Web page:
Safe PASSAGE: can sensor technology open the Northwest Passage to shipping?
A German-Canadian research project, PASSAGES, aims to make the Northwest Passage as navigable as possible for global shipping. Julian Turner talks to Dr Wolfgang Koch of the Fraunhofer Institute about radar and automatic identification technologies, environmental concerns and the Cold War.
Dr Wolfgang Koch is head of sensor data and information fusion at the Fraunhofer Institute for Communication, Information Processing and Ergonomics FKIE in Germany, where he works on data fusion for array-sensors, localisation and navigation, wide-area surveillance and threat recognition.
Koch and his team took part in PASSAGES (Protection and Advanced Surveillance System for the Arctic: Green, Efficient, Secure), a joint German-Canadian research project involving Airbus Defence and Space Technology based in Ulm, Germany, as well as exactEarth and Dalhousie University in Canada.
Julian Turner: How did the PASSAGES project come about and what are its key objectives?
Wolfgang Koch: German Chancellor Andrea Merkel met with then Canadian Prime Minister Stephen Harper in 2012 and from that evolved the joint German-Canadian concept study, PASSAGES, looking at how surveillance technologies might be used to encourage shipping in the Northwest Passage. This is especially important for a country like Germany, which is heavily dependent on exports.
Our goal is to combine heterogeneous sources of sensor and non-sensor information in order to provide situation pictures that then form the basis of situational awareness for vessels navigating the area.
JT: Why is the Northwest Passage considered too dangerous and risky for vessels to navigate?
WK: The main issue concerns topography. The north of Canada is a highly complex archipelago with many small islands and narrow sea lanes, so navigation is a concern. There are also remnants of ice fields that are changing over time, so it is important that ship captains have up-to-date information in their traffic management systems on the current state of the ice and the route decision-making.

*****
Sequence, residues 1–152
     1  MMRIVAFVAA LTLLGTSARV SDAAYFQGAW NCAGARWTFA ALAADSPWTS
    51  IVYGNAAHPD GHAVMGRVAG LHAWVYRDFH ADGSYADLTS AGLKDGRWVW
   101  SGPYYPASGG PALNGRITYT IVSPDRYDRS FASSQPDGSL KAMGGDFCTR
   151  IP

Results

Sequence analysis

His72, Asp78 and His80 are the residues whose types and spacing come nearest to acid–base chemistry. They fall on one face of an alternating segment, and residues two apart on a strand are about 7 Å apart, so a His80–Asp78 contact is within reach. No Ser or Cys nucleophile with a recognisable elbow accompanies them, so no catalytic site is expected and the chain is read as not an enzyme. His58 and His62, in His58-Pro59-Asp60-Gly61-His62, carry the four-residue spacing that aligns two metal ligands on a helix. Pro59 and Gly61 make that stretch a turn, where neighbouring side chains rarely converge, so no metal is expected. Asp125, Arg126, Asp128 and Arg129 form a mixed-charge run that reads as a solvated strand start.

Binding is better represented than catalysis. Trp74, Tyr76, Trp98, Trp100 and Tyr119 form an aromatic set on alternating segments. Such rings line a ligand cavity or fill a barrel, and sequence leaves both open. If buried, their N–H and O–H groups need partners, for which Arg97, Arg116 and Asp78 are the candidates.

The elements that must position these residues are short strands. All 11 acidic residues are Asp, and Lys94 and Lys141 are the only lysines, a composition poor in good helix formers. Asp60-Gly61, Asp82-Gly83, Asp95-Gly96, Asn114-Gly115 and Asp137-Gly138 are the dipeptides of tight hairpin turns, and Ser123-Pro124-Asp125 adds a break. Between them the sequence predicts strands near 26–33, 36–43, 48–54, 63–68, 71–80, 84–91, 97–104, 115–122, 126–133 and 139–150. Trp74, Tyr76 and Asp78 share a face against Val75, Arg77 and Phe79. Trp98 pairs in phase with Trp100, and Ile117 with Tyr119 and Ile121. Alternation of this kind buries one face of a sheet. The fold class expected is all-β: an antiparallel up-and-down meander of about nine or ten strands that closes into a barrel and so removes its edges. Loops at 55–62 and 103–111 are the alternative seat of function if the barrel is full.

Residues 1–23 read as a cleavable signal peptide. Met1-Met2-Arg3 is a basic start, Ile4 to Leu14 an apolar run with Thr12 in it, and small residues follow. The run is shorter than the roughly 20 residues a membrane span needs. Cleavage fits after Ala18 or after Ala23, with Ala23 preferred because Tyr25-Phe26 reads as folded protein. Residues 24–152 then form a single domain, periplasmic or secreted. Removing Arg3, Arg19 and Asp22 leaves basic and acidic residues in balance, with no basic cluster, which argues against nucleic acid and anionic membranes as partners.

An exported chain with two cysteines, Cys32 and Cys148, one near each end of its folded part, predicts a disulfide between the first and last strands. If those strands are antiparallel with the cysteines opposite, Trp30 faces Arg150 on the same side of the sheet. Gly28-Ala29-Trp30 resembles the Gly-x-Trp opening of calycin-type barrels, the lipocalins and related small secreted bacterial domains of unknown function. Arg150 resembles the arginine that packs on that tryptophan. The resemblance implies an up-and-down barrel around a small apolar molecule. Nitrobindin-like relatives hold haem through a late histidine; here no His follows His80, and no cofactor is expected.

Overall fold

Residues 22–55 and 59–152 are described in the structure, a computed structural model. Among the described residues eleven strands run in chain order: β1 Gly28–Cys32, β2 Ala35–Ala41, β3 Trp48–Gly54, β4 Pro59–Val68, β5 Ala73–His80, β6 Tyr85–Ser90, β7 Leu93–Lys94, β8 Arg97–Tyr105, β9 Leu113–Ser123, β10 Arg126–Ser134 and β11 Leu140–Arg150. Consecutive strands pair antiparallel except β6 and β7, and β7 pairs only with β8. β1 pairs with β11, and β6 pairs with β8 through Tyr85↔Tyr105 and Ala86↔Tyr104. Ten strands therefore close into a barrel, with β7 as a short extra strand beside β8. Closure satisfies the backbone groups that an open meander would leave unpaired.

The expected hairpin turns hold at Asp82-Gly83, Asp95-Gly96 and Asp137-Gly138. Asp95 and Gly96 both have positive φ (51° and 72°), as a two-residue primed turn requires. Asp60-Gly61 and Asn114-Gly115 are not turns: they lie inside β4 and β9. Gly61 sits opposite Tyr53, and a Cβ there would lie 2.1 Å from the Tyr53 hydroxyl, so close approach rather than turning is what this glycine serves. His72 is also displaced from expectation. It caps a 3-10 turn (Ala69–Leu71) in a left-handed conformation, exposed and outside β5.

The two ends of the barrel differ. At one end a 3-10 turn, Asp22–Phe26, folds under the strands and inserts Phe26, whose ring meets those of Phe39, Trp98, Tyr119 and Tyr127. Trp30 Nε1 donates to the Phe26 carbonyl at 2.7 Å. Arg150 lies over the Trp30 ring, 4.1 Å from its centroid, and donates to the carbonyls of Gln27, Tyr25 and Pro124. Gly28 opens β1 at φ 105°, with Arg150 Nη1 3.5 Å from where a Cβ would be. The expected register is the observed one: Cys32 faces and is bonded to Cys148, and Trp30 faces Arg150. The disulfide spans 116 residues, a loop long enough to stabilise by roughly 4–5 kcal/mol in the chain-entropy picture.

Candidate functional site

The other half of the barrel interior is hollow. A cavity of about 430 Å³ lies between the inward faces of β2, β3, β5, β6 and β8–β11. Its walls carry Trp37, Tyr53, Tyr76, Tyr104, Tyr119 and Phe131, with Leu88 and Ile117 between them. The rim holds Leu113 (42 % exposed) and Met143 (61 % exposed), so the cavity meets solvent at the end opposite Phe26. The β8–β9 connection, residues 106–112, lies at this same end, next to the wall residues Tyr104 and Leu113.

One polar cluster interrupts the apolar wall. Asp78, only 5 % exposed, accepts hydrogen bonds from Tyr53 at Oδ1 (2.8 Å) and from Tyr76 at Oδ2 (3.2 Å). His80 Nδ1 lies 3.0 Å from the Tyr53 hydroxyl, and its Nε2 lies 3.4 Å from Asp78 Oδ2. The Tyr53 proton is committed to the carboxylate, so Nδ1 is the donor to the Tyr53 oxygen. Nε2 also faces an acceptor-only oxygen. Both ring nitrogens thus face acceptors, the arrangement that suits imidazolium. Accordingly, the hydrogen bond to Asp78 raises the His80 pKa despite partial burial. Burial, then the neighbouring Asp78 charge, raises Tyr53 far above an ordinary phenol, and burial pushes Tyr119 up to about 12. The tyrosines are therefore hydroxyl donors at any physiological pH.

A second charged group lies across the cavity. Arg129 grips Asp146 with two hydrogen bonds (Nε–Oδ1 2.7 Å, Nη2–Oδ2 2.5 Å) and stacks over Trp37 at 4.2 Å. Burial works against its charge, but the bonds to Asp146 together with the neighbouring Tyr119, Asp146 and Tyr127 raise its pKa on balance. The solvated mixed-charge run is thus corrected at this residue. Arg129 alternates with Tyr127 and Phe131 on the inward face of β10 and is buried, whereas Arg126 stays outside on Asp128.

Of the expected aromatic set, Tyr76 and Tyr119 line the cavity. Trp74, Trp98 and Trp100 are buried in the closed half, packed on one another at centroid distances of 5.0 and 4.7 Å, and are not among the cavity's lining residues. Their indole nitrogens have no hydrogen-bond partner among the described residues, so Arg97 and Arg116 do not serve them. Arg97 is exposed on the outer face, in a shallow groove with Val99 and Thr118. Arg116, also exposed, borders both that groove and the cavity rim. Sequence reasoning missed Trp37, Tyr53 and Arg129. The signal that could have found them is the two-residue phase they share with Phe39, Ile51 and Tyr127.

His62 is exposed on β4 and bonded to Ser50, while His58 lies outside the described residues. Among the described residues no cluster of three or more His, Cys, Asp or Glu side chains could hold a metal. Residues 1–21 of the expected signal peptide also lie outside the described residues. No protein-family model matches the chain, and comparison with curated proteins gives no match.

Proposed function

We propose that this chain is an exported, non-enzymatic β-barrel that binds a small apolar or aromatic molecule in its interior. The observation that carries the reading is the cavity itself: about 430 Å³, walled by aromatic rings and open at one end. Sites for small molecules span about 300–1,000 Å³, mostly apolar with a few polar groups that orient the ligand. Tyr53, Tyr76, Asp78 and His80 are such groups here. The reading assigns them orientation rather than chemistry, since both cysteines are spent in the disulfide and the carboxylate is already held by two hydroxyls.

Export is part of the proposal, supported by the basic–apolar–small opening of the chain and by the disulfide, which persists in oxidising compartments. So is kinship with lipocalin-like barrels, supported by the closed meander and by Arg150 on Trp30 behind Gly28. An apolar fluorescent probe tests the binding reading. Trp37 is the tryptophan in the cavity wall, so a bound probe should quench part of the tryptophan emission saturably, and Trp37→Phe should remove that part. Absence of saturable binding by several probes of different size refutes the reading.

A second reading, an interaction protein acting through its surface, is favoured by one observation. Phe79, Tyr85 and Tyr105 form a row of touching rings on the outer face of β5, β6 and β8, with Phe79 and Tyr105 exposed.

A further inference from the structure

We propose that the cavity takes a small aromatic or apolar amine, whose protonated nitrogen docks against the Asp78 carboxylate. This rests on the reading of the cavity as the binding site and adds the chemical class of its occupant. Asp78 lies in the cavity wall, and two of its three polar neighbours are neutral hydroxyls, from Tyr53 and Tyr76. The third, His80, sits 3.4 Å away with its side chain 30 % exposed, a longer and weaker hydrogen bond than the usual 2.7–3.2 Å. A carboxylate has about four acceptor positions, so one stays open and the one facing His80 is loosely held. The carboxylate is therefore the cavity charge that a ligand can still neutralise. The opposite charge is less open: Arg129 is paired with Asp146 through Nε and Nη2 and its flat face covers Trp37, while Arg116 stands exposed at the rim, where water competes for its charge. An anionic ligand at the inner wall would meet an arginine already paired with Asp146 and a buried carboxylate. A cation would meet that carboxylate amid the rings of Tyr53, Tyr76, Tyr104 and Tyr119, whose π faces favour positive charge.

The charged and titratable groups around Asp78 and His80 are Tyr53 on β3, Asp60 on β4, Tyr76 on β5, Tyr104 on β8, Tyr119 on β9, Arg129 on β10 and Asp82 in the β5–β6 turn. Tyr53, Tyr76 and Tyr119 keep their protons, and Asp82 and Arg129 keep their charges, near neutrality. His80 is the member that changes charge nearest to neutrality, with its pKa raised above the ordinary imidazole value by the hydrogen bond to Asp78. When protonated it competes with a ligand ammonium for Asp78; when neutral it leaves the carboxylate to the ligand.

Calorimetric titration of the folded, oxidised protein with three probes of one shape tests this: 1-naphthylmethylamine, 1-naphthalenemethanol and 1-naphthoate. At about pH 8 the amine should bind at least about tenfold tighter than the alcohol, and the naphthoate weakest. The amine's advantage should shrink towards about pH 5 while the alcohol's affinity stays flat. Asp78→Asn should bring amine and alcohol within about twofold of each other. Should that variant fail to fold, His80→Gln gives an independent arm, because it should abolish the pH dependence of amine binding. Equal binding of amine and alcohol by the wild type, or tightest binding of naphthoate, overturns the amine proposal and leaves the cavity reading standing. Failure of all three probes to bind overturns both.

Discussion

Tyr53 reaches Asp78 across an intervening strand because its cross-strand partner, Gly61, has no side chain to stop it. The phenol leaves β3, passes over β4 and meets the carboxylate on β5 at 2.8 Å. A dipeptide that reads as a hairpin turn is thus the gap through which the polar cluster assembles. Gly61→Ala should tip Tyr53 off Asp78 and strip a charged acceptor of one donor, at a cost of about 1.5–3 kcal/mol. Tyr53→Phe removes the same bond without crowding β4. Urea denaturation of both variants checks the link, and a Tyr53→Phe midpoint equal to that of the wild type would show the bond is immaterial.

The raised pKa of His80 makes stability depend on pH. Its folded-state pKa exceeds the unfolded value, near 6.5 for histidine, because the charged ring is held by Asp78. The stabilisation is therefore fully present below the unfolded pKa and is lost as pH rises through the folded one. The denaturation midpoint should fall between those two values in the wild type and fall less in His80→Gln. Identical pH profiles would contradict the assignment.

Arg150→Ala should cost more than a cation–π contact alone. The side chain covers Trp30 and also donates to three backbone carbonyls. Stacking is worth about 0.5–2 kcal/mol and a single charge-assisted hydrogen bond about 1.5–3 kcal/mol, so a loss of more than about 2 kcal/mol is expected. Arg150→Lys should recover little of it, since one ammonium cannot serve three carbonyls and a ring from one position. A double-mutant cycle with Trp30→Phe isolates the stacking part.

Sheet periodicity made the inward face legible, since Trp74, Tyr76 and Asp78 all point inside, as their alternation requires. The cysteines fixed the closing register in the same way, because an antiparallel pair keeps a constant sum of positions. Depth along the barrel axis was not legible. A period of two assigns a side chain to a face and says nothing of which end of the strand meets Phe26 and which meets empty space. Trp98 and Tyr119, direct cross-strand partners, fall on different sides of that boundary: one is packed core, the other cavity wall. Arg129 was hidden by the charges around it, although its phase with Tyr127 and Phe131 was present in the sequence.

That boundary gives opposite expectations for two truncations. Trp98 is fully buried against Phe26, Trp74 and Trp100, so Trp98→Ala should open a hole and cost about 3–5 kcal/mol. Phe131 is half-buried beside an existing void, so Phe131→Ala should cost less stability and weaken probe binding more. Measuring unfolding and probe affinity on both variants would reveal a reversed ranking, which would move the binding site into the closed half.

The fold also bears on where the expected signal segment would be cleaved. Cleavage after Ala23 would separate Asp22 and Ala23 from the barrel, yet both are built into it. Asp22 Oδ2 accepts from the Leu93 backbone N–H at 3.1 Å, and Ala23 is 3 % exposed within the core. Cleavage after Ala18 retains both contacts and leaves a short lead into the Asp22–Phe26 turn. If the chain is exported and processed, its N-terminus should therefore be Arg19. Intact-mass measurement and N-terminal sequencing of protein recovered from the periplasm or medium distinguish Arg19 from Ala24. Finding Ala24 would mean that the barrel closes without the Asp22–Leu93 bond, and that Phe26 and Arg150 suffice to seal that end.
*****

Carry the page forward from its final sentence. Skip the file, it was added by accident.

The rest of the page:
The fact there are a limited amount of routes in the Northwest Passage makes navigation difficult but sensor surveillance and situational awareness easier in that we are able to focus on certain choke points through which ships have to pass, meaning we don’t have to analyse the entire area.
JT: What technologies are being used to map the Northwest Passage?
WK: At present, analysis is limited by the sparseness of the technological resources. Passive radar, which makes use of existing radiation in the form of direct signals from navigation or communication transmitters combined with signals from ships or aircraft, meant we could measure differences in terms of arrival time, frequency and angles, allowing us to localise ships and track them over time.
PASSAGES also employed satellite-based synthetic aperture radar (SAR) and automatic identification system (AIS) sensors, but this was only available in certain time windows, so scientists had to design algorithms to bridge these gaps combined with geographical information to predict target positions.
Our third source of information came from underwater sonar installations in certain choke points in the north of Canada − a legacy of the Cold War − and this surveillance made surface ship tracking possible, in addition to unmanned underwater vehicles (UUVs), which also provided us with data.
PASSAGES also considered information to be gathered by both manned and unmanned patrol flights, and through careful resource management was able to reasonably plan sensor flights.